This weekend I had the pleasure to attend for the first time MozFest, the Mozilla Foundation’s annual community gathering, held for the second year running at Ravensbourne College just next door to the O2 Arena. Amongst the big themes being explored this year were Connect your City, Open Data, Journalism, Privacy, the Physical Web, and Science, which are all areas where Mozilla aims to ‘build, empower, teach and shape’, and which are all challenging topics that touch on the excitement of working in data as well as defining some of the broader issues facing data scientists today.

 Amongst the plenary speakers were Mark Surman (executive director of Mozilla), Mitchell Baker (chairperson of the Mozilla Foundation), Aron Pilhofer (heading up digital strategy at the New York Times) and Dan Sinker (heading up the Knight-Mozilla OpenNews project which each year puts a cohort of web developers in newsrooms around the world) who all did a great job of rallying and keeping happy the assembled troops (by a rough count, around 1,400 people), spreading their vision of a world in which we ‘know more, do more and do better’.

Most satisfying of all were the workshops and one-to-one conversations from which I learnt new things or approached familiar topics from a different perspective. To give a flavour, I joined for the School of Data‘s ‘data expedition’ teaching basic data skills to those who need them, attended a workshop on How to Deal with Text as Data by Mozilla’s Rebecca Weiss, joined a session on Threat Modelling for Journalists by Knight-Mozilla fellow Mike Tigas (who is also working on Tabula, a tool for extracting tabular data from PDFs), learnt TileMill basics from Alistair Coote of the New York Times, and listened to James Ball of the Guardian and Jeff Larson of  ProPublica talking about their experiences breaking the Snowden stories. I also had the chance to meet up in person for the first time with Michael Bauer and Milena Marin (of the School of Data), John Burn-Murdoch (data journalist at the Financial Times), and Reuben Binns (a privacy researcher who also consults for Ctrl-Shift) to discuss our shared interests in the future of data visualization, journalism, education and privacy.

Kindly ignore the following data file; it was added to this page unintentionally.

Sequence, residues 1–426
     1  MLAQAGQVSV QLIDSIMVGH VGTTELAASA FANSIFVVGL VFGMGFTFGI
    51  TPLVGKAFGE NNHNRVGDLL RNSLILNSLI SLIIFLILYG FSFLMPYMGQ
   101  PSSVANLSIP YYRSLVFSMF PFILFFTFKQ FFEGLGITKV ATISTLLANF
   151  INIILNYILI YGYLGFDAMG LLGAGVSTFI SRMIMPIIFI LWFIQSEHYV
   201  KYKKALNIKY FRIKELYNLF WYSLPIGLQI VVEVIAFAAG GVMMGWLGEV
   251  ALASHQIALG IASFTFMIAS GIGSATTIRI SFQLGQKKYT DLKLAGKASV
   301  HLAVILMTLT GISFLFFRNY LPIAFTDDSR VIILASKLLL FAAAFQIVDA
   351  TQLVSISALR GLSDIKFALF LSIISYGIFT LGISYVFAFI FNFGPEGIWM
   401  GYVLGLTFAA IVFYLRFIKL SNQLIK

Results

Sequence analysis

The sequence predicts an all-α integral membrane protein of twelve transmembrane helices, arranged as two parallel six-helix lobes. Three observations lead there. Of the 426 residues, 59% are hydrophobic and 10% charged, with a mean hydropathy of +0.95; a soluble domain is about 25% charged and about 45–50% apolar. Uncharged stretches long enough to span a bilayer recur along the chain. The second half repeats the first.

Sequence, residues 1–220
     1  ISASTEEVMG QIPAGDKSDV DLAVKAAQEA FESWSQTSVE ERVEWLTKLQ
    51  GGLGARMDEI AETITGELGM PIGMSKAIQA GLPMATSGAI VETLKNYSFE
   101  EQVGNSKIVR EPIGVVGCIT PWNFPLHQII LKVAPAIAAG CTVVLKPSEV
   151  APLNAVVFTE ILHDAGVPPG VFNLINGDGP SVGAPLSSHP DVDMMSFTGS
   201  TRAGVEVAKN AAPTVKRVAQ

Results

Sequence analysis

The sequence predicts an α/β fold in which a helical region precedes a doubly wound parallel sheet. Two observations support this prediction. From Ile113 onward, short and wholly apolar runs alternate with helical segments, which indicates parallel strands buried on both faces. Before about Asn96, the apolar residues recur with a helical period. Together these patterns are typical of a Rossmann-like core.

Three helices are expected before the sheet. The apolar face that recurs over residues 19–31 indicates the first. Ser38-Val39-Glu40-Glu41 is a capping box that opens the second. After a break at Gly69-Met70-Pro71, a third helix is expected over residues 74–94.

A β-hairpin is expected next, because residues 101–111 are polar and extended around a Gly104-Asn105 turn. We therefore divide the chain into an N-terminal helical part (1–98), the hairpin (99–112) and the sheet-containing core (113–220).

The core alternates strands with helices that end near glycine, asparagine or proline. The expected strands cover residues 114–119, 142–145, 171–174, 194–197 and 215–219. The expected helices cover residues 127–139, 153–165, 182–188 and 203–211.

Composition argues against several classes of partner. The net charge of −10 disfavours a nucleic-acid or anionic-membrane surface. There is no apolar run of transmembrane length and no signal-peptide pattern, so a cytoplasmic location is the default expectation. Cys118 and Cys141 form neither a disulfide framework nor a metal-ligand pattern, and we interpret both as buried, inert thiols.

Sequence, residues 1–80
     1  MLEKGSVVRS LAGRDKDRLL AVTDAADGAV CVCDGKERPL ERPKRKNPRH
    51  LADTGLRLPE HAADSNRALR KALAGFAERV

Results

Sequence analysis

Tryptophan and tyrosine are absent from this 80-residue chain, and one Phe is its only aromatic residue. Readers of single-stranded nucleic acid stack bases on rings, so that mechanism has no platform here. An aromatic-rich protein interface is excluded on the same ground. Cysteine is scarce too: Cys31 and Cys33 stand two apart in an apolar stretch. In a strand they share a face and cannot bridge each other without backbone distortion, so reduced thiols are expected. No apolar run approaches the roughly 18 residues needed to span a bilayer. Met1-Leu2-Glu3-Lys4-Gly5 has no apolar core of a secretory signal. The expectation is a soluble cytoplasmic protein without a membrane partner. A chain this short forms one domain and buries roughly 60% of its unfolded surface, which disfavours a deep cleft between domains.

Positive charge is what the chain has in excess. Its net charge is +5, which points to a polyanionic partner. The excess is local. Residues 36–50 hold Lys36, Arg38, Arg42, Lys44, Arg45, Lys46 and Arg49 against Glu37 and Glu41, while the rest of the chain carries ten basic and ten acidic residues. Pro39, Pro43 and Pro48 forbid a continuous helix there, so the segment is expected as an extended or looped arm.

Overall, it was a tremendously well-organised and fun event to attend, and owing to its scale I’m sure each person attending experienced and shared their own different MozFest, in keeping with Mozilla’s vision of the web. The event raised plenty of urgent technical, legal and cultural data-related issues to work on, some of which we’ll be addressing here in Inquiron in the coming months – watch this space.